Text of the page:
There’s an interview with Morrison somewhere where he talks specifically about the Titan Zenith reprints, and how payment for an introduction and newly comissioned cover were all the creators ever saw from any TPB sales.

  12. jonboy: “And “post-dated” claim? What makes you think that it’s “post-dated”? What makes you think that Morrison didn’t have the full intention and desire and belief of claiming ownership as the comic was being created?” – because the copyright statements on the comic at the time didn’t contain specific statements, like for Mazeworld etc. Common sense tells us that it was a standard 2000AD series like all the others, but lack of proof/contract is another matter… Unless you’re telling us you think he avoided contracts at the time in the hope of retaining ownership. :) For sure post-dated because I’m sure if he’d claimed ownership at the time, there would be a copyright statement or he would have been given a contract to sign.

  13. I’m working on an upcoming comprehensive piece that details the histories involved, without casting aspersions mind – based on known history only. Easier that writing bits and snatches in comments :)

    And thankfully for me, it’s not as long as Padraig’s Marvelman series!

  14. I look forward to the piece on Zenith, Laura. I hope, for the sake of your sanity, that it doesn’t get as long or as mad as the MM story.

    I think there are interesting parallels between this and Marvelman, with the same sort of issues about there not being a written contract – although this is only conjecture in the case of MM, as nobody alive seems to actually know, one way or the other – and a possible future case involving Grant Morrison and the rights to Zenith might also cast some light on how contract law worked in UK comics, one way or another.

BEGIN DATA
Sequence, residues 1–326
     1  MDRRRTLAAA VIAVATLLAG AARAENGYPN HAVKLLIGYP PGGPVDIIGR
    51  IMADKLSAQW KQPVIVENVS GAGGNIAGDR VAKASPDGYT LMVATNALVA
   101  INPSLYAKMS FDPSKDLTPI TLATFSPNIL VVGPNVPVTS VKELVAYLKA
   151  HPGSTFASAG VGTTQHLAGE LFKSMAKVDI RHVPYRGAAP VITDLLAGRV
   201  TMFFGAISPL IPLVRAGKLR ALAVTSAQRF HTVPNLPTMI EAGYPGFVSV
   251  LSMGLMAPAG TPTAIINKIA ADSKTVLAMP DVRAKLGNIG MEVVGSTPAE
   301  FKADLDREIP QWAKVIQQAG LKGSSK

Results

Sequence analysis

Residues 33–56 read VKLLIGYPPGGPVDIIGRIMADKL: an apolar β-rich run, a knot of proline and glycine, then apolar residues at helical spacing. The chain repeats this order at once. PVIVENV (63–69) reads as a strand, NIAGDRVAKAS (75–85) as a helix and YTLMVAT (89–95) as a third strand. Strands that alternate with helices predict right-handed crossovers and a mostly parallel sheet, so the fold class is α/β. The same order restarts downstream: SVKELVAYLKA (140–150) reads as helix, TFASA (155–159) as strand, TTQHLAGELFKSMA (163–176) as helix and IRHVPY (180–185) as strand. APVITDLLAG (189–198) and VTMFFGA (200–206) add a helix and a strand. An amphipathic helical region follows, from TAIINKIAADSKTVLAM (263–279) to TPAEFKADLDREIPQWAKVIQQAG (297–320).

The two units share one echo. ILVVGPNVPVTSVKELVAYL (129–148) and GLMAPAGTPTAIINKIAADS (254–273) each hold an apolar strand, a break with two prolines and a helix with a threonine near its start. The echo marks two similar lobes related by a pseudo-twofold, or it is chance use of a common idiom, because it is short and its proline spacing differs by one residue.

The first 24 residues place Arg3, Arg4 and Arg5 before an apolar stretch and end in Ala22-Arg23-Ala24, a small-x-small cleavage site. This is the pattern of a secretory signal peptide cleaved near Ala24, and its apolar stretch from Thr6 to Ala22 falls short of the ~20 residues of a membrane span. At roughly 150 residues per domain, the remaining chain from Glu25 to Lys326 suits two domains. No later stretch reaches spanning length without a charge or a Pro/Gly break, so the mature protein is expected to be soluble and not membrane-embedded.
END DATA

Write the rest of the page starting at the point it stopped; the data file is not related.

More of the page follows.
15. This situation strikes me as almost a mirror of Watchmen. In that, a series always intended to be creator-owned ended up becoming the property of the publisher in perpetuity. Here, a property almost certainly intended to be the property of the publisher may end up being owned by the creators, if they have the will and money to assert their legal rights. (And the solidarity: Morrison doesn’t need Rebellion but Yeowell does.)

    There’s a similarity to Marvelman, too: nobody actually wants to own the character going forward. Yeowell says there were only ever going to be four books and Morrison’s shown no interest in the character. And Rebellion are kidding themselves if they think anyone cares about the further adventures of Zenith written by anyone but Morrison. All the interest is in the published work, and making it available to an audience that’d like a printed copy rather than scans.

    Matthew Ellis: Yeowell’s also been “deprived of an income” from The New Adventures of Hitler, which he drew and Morrison wrote and was owned by Snobbery With Violence, a company set up by Morrison for a couple of creator-owned projects published in Fleetway’s Crisis. The artist seems to have coped under the weight of this great deprivation. Not every publication or lack thereof means somebody’s being ripped off…

    (Blogged about aforementioned Hitler series here, BTW… http://bit.ly/Wp2t3l)